An Easy to Compute Index for Identifying Built Environments That Support Walking

The Planning and Physical Activity Project at the University of North Carolina at Chapel Hill, and the University of Maryland at College Park

"The variety and spatial co-variation of built environment attributes associated with nonautomobile travel have resulted in the estimation of composite scores or indices summarizing these attributes. This paper builds on prior practical and research applications of these environmental scores or indices by proposing and testing a built environment index (BEI) calculated at the traffic analysis zone and that relies predominantly on widely available data. By computing the BEI using three different analytical methods used in prior research (principal components analysis, cluster analysis and a naïve method), we examine whether the indices created are comparable. Results suggest a high correlation between the BEI calculated with these methods, with principal components analysis appearing slightly superior to the two other methods. We also compare the BEI with Portland's Pedestrian Environment Factor (PEF) and find a high degree of consistency between the two. Because the BEI can be readily calculated, does not rely on field survey data, and has high validity, we recommend it as an overview tool to classify built environments in their ability to support walking. When appropriate, additional disaggregate data can be used to examine the urban neighborhood with higher spatial resolution."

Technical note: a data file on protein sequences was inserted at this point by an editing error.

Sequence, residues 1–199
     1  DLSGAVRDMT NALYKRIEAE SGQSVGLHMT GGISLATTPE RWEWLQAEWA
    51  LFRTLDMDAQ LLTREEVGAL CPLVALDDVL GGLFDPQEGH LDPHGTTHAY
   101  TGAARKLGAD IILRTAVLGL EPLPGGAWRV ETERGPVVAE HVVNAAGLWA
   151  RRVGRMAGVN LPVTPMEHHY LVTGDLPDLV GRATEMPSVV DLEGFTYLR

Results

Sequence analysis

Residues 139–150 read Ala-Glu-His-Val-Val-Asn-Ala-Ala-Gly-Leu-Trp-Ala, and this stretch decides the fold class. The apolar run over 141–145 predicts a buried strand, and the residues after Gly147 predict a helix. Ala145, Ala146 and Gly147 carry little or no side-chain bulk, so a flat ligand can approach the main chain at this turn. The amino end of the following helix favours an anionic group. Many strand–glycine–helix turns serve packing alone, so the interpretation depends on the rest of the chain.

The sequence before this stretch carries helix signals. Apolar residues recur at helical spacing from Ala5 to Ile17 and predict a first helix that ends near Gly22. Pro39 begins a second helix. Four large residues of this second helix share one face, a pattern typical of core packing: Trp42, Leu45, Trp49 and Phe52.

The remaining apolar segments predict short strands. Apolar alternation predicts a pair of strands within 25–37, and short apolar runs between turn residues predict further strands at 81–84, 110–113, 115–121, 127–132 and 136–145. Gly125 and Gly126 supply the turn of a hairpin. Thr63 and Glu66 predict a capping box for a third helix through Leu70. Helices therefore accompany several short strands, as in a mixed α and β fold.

Filed in: Engineering, Promoting Walking and Bicycling, Plans and Policies

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